GRAHAM Westley is the manager Hartlepool United cannot get the better of. The centre piece of Stevenage and his totem pole players, Westley holds the Indian sign over Pools.
Colin Cooper’s side didn’t quite deserve to win this one – as he admitted, they relied on goalkeeper Scott Flinders too much. But when it comes to facing the boss previously referred to as football’s David Brent, Pools always have a bad day at the office.
August 2011 and Scott Laird scored a late equaliser to deny Pools a win – that after the left back unceremoniously elbowed James Poole off the ball and got away with it. Weeks later his penalty dumped Pools out of the FA Cup.
Then Westley went to Preston, winning only 16 times in 62 games. His first victory came against Pools at Deepdale. He even engineered a 5-0 triumph over Neale Cooper’s side.
He went back to Stevenage in April last year and, in his third game in charge his first win was, naturally, against Pools.
So first day of the new season, Stevenage back in League Two after a desperate relegation season, and there’s only one outcome.
Pools hit the bar two minutes in when Jack Compton’s shot beat keeper Sam Beasant, but not the frame of the goal.
But, until they were chasing the game later on after going behind, they never created enough. At the other end, Flinders was the busier of the goalkeepers.
Westley’s teams have a regular up and at ‘em approach. The kick-off saw half a dozen giants charge to the Pools’ penalty area for a long punt up. The tone was set.
They run and chase and compete for everything, aiming to knock the opposition out of their strides.
Luke James caused one problem too many and went down off the ball clutching his ribs. Pools aren’t a soft team, but they didn’t give as good as they got.
After the goal, Stevenage had 30 minutes to see the game out and they did it. A few injuries and delays for treatments, switching dead ball takers the norm. Gamesmanship is part of the game.
But, as Colin Cooper said, there is more to them than crash and bash and they had the game’s best outfield player in Charlie Lee.
“We started nicely and had trouble when we took one or too many touches in midfield which allowed Stevenage to close us down,’’ he reflected.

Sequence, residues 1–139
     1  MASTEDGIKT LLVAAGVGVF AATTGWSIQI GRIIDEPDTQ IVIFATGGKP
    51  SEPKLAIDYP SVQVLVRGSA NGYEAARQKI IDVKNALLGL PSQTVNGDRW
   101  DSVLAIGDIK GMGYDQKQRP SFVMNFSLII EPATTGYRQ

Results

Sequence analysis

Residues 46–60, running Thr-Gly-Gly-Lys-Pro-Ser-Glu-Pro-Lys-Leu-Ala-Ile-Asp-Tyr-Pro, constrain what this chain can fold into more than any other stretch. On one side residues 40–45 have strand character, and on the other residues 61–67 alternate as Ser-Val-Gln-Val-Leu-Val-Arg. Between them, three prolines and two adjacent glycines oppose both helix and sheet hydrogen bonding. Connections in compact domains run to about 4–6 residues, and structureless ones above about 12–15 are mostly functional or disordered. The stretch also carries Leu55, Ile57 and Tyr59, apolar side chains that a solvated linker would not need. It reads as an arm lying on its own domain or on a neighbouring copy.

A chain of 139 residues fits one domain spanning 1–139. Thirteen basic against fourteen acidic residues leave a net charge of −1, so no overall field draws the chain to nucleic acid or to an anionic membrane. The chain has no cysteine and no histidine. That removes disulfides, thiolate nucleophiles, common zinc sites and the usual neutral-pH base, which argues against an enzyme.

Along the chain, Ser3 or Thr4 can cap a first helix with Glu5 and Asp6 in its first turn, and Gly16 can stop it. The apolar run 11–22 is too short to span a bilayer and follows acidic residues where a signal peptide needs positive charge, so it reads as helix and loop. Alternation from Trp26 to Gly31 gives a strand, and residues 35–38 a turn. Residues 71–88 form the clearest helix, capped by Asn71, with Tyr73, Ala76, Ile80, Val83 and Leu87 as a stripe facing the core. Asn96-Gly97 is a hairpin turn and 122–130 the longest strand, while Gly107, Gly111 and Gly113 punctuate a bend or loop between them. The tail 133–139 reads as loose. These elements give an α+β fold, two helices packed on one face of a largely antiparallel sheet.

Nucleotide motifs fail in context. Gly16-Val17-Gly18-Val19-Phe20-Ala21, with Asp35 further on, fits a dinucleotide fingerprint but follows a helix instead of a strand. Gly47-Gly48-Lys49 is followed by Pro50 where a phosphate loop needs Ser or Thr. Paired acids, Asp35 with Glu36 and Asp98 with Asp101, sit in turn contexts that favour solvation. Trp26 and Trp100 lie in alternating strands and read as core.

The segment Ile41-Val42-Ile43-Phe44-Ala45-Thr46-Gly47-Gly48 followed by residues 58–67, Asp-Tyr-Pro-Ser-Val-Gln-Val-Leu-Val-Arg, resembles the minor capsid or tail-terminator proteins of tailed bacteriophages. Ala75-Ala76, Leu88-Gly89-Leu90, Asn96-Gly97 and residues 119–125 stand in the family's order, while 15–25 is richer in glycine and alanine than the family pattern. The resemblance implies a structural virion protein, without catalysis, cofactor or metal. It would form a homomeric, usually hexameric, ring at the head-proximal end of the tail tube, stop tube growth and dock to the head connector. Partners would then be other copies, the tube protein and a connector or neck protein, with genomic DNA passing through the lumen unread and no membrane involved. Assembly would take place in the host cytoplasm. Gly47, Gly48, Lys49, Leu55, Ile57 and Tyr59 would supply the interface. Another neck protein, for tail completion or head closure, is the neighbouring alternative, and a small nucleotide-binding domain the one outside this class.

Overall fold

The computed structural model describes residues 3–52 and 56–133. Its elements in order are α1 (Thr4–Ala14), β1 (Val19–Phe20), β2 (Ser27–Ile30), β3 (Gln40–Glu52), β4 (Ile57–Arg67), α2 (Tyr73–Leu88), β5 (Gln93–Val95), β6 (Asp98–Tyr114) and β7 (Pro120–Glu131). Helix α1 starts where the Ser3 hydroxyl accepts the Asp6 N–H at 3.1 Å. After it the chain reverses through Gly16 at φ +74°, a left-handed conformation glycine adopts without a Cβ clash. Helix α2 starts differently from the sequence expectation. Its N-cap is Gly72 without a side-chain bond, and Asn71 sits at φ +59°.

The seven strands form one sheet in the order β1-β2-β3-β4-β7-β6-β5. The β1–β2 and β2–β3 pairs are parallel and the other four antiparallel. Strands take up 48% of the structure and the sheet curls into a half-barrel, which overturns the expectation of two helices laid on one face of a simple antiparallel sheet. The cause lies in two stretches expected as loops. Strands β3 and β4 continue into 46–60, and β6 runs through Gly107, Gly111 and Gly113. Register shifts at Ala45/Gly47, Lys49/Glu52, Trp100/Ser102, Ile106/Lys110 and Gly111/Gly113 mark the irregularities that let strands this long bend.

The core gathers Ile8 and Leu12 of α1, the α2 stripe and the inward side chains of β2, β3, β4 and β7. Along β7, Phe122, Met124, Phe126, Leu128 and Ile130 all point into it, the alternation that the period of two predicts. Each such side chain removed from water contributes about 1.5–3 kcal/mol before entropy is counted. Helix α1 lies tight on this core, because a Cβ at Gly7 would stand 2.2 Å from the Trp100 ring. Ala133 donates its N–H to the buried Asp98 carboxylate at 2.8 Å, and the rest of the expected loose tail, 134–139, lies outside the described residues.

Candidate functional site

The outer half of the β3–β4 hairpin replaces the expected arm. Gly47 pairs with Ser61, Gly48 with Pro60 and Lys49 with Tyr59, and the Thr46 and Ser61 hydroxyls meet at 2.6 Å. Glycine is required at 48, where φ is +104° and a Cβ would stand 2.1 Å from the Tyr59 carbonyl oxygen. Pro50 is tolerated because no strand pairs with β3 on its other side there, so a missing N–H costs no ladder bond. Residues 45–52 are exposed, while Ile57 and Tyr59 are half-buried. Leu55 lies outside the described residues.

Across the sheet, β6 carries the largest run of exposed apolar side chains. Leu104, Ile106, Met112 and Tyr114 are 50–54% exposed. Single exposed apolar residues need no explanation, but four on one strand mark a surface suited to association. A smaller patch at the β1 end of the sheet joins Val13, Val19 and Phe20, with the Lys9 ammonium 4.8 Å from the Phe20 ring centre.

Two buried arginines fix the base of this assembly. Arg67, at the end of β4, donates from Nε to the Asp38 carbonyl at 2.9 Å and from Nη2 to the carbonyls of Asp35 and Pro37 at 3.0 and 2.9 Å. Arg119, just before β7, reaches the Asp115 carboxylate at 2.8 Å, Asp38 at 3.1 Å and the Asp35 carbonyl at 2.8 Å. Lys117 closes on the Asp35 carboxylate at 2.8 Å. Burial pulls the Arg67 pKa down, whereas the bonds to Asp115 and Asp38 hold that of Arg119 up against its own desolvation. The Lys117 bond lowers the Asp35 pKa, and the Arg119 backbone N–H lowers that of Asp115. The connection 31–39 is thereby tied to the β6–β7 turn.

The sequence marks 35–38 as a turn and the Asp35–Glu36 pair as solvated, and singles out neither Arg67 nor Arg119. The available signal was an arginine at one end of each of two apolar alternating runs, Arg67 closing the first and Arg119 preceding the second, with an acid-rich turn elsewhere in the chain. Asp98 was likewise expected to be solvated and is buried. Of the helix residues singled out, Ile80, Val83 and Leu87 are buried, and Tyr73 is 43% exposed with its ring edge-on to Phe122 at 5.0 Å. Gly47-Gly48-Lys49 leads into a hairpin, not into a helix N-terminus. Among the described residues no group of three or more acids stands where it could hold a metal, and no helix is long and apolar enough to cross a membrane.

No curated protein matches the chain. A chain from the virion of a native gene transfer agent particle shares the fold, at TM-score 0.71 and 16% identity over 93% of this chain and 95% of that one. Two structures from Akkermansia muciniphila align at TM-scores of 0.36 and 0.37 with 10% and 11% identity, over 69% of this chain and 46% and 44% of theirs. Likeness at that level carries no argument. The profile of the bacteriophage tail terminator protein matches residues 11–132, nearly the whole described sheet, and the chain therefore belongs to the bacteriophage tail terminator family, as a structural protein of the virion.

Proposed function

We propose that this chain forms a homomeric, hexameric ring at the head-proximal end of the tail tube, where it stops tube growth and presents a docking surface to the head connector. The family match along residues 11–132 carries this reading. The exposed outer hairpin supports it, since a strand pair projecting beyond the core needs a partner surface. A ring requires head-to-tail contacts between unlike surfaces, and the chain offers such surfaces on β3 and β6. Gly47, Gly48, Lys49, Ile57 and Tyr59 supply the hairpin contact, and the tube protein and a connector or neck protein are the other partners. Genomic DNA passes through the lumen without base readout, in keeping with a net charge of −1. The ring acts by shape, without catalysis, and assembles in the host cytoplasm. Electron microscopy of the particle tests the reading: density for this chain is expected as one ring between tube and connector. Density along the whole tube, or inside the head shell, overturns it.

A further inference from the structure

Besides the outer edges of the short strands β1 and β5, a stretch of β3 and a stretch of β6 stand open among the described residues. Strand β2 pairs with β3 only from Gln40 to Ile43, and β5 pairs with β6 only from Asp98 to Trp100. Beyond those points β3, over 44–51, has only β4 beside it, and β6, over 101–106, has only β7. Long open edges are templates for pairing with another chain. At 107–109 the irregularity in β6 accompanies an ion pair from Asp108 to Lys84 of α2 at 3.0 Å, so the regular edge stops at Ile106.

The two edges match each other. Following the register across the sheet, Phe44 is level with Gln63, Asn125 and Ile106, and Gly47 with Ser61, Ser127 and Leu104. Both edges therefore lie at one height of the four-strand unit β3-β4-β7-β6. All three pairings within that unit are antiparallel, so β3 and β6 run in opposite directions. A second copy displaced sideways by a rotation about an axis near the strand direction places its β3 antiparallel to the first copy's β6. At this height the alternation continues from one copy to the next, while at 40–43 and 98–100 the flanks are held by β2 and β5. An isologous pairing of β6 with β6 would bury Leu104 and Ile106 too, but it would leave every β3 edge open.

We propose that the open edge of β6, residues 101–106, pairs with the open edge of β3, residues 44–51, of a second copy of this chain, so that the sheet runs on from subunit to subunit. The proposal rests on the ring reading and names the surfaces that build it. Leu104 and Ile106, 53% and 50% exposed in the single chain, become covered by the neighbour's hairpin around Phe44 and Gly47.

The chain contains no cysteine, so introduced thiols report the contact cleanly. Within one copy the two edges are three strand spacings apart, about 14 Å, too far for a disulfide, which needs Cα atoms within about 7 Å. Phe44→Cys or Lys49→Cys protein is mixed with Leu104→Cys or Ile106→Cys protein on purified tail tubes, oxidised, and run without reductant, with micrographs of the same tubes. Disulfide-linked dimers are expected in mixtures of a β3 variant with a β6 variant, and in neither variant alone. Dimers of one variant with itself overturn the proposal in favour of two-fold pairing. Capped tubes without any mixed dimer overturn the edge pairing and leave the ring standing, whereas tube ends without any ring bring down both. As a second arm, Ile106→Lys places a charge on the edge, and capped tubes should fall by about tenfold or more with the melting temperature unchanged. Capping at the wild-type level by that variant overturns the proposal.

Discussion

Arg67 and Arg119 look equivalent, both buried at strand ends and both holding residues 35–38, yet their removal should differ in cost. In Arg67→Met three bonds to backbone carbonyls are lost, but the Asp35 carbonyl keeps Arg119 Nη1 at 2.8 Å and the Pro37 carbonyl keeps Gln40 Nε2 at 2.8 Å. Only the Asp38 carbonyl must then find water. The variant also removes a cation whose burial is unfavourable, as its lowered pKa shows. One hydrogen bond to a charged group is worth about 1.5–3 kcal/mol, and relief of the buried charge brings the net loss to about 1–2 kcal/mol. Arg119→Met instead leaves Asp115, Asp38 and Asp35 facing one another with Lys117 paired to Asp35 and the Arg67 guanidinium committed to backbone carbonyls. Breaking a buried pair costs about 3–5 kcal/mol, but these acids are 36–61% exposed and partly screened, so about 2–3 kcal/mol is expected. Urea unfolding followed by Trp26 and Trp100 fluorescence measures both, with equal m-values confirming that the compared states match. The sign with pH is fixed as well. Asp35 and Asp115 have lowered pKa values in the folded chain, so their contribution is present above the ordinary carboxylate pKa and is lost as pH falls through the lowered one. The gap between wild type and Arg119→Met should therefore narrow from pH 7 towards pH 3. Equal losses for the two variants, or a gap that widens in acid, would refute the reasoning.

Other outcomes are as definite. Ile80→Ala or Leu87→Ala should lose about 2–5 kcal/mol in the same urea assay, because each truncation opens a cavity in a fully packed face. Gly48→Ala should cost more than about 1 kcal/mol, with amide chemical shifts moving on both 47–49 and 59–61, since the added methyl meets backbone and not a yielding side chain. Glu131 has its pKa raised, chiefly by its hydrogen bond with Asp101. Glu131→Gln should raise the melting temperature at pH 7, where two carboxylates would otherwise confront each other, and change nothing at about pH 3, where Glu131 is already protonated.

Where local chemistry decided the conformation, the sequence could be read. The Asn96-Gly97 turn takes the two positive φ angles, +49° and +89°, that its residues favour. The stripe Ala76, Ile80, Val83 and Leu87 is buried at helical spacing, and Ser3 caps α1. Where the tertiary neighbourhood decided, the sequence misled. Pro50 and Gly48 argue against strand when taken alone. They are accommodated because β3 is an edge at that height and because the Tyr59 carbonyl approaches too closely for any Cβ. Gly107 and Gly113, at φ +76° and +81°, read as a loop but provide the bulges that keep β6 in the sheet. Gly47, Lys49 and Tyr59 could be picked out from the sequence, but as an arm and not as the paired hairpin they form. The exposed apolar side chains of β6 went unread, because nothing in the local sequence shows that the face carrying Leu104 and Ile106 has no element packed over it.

“When we don’t move it about quickly they nick it back and counter attack and have some good players to go with their physical players.
“You can’t just call them a physical side. We were competitive, we just needed to be a bit better.
“We competed and I think we were more than competitive against a strong side. If there’s two real areas to work on them make sure our goalkeeper doesn’t make as many saves in a game and we have to pass it better and not get dragged into a scrap.
“Maybe we didn’t play in between enough, but they are an honest bunch and recognise were we can improve.’’
He added: “I feel as a former defender that if you help your goalkeeper out then he doesn’t have to make save after save. I felt there was too many instances from 20-25 yards we were the wrong side of play and chasing back to stop their attacks.
“For the goal, it’s gone around one of our players and Scott is just half going the other way. To have a goalkeeper like that behind us would give me, as a defender, an enormous sense of pride.’’
Pools didn’t create enough going forward, but were brighter for the later introductions of Ryan Brobbel and Jonathan Franks.
Both were direct and positive. Brobbel and Pools felt they should have had a penalty as the six minutes of added on time came to close. The loan signing from Middlesbrough touched the ball by left-back Bira Dembele, who took out the winger.
Brobbel went down, the assistant referee in front of it wasn’t entertaining it, neither was referee Mark Haywood. They were probably wrong.
“Was it a penalty? Ryan said he moved the ball outside and he was fouled,’’ said Cooper. “The referee’s assessor feels there was contact in the area.
“Graham (Westley) thought it was a penalty, but then he felt he should have had one too.
“We are relying on an official to make a decision and he hasn’t so we are disappointed.
“We stand up to the challenge for Tuesday at Port Vale and it will be a different one to Stevenage.’’